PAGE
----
Leading designers from around the world submitted their strongest work for display in a variety of venues, and a number of designers gave talks about their work and the future of logo and identity design.
While there’s not much detail of the event online, the Logo World book was published soon after as a form of historical record of what took place.
The first Euro-Logo-Design Award was held in the presence of members of the European Commission, members of the Belgian and Flemish Governments, the mayor of Ostend, the Governor of the province of West-Flanders, representatives from international design organisations, members of the press, and others. The award was presented to designers who were considered pioneers in the field of graphic design, particularly logo design and corporate identity. The ten winners in 1994 were Anton Stankowski, Franco Grignani, Jacques N. Garamond, Josef Muller-Brockman, Paul Rand, Yusaku Kamekura, Stephan Kantscheff, Hermann Zapf, Jan Rajlich sr, and Saul Bass.
Speakers at the event included the likes of Félix Beltrán, David Consuegra, Burton Kramer, and Marcello Minale, with design contributions from Alan Fletcher, Paul Rand, Saul Bass, Hermann Zapf, and many others.
“The trademark’s function of clearly indicating the purpose of the enterprise is an important aid in sales. At the same time, it is highly desirable that the mark should also tell something about the size and nature of the enterprise for which it stands. […] A trademark exists to stamp itself indelibly upon the consciousness of the general public. This is the purpose of the corporate image.”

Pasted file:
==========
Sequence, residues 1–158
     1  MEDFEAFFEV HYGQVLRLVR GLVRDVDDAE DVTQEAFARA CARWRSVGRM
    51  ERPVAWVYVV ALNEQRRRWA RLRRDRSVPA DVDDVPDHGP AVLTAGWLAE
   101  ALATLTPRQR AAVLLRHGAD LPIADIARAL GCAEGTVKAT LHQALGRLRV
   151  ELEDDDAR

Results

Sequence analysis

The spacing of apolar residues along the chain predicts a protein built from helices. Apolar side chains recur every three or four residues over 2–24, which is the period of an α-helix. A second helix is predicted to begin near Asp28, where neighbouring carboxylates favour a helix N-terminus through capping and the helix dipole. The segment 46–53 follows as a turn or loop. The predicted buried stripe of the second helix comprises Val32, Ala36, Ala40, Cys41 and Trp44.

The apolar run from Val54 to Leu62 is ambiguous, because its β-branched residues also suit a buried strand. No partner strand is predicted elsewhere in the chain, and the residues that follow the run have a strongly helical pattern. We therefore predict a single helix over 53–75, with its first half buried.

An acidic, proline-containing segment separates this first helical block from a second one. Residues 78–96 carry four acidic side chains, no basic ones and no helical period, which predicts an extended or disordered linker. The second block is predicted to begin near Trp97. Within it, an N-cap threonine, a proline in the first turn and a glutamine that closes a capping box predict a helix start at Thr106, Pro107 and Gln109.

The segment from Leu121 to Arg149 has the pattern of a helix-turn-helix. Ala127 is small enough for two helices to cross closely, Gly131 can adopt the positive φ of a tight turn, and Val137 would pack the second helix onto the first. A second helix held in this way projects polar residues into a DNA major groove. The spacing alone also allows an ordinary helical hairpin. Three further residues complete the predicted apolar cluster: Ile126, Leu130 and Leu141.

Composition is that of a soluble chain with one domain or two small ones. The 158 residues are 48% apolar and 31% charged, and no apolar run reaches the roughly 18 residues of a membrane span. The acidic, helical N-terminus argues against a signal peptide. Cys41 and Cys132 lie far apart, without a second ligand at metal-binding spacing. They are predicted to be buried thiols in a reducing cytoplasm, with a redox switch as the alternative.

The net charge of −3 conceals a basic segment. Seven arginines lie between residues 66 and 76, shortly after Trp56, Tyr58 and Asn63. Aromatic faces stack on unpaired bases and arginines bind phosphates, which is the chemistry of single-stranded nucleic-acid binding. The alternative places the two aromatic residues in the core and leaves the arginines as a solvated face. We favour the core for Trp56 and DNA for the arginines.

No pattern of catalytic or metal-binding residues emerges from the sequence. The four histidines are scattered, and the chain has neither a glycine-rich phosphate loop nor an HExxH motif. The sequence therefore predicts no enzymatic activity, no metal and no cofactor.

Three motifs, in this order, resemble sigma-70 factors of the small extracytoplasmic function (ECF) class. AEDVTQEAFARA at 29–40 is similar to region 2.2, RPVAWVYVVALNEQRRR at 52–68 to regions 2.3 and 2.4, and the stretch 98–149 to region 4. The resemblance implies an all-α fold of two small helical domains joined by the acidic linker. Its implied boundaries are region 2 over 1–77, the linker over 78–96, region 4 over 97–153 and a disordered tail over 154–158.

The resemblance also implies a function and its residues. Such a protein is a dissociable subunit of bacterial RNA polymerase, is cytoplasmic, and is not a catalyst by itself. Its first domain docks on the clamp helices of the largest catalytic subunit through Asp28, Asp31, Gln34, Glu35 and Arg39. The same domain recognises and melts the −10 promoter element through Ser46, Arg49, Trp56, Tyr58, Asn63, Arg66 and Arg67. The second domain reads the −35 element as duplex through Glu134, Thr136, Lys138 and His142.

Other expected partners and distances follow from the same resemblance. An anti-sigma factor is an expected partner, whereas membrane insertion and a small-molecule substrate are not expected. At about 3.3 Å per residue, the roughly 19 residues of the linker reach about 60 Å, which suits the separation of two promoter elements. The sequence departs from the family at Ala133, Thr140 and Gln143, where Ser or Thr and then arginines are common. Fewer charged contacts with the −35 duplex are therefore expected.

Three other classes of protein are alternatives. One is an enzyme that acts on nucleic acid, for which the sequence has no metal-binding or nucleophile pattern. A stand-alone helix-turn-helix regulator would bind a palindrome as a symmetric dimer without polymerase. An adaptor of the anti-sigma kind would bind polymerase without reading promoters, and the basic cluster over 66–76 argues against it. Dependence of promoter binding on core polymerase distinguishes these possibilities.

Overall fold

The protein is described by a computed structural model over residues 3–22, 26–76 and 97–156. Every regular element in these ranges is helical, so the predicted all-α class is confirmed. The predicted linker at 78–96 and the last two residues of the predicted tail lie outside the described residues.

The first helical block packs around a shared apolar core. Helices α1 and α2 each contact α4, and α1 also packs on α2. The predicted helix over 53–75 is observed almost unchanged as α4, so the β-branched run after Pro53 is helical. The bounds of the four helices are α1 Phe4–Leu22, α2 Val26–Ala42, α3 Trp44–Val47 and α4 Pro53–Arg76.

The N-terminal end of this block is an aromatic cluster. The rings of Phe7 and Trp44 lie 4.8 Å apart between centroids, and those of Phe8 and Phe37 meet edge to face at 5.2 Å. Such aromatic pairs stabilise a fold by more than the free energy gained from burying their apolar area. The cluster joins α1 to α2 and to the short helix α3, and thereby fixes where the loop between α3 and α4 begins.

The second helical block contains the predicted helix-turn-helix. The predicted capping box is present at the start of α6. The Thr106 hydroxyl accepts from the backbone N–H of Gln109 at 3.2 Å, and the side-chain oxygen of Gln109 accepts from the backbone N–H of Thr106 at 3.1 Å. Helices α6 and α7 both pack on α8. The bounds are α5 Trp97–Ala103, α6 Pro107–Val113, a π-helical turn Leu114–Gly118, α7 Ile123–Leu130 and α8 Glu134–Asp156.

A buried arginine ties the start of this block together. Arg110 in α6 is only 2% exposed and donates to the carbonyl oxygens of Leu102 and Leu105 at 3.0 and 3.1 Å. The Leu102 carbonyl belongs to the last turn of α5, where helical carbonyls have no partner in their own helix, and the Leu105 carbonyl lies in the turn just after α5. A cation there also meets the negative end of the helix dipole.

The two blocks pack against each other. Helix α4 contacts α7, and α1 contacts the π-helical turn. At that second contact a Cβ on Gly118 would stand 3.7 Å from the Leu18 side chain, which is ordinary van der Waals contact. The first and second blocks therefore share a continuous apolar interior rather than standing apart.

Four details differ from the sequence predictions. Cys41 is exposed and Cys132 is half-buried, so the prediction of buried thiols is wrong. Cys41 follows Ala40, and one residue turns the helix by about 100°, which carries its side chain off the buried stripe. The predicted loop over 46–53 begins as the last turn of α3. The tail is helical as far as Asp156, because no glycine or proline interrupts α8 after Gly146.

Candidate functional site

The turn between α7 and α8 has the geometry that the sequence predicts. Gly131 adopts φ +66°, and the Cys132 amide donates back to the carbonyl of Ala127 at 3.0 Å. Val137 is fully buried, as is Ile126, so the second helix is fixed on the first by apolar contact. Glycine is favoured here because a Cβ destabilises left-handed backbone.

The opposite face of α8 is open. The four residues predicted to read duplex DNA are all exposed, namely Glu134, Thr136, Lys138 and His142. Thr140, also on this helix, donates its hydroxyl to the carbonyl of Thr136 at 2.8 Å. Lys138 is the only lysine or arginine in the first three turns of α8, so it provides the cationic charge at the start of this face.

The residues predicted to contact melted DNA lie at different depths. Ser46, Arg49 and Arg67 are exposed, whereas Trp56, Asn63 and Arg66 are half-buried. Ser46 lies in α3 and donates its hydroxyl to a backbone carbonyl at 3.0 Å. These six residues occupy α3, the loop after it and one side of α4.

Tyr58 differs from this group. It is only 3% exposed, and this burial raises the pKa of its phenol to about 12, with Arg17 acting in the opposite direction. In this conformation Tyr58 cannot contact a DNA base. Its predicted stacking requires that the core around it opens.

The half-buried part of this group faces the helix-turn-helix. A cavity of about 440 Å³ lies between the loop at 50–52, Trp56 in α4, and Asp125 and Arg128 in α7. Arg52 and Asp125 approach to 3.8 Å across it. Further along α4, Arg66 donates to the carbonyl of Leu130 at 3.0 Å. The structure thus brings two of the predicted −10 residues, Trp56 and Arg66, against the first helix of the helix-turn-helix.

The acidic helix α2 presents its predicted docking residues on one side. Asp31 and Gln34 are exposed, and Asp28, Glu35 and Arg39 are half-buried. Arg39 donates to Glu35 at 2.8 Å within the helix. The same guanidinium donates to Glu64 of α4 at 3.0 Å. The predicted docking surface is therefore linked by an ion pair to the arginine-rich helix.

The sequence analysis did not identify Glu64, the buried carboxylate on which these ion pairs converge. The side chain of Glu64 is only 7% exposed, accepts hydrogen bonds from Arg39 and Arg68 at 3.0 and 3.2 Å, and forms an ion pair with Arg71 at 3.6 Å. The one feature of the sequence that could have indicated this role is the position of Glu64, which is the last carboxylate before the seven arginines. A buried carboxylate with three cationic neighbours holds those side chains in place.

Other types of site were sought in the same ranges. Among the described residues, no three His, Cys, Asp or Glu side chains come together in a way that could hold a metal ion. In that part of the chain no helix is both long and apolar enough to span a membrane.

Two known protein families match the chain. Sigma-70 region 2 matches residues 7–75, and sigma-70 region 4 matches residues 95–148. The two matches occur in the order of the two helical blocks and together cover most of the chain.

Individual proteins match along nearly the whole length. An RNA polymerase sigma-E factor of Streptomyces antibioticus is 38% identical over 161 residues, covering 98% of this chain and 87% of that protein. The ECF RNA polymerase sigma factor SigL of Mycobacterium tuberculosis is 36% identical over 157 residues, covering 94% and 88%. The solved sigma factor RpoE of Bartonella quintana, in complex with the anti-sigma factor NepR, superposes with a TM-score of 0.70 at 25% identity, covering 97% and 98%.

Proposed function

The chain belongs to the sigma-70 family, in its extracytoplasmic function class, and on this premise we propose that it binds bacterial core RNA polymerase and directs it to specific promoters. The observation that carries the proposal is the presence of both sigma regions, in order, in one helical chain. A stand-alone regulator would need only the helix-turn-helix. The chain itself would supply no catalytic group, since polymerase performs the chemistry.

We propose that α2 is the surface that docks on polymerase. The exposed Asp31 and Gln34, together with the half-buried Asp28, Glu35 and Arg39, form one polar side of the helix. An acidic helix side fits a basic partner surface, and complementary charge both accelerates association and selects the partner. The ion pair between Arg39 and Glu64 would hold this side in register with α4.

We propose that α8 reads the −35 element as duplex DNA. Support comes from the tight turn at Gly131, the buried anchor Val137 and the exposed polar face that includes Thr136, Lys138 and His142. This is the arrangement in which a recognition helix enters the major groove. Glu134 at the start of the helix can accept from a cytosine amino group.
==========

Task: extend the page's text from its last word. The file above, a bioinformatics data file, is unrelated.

— Yusaku Kamekura
As Paul Ibou was also the founder and president of the International Trademark Center (ITC), he was able to collect an enormous amount of logo submissions from renowned names in the profession. This helped with a range of logo design books Paul went on to publish (Famous Animal Logos 1 & 2, Banking Symbols 1 & 2, Art Symbols, and others).
One of the festival exhibitions was that of Letters as Symbols, pictured above. It was based on one of Paul’s earlier book ideas from 1991.
“When talking about logos, they should neither be linked nor limited to a specific culture, but should be understood by people of different cultural backgrounds, worldwide. A logo should be independent of most standards and be accessible to anyone, irrespective of education or level of intelligence. In fact, a logo that is created for a company or organisation is intended to ease visual perception. The simpler the form of the logo, the more effectively it catches the human eye.”
— Paul Ibou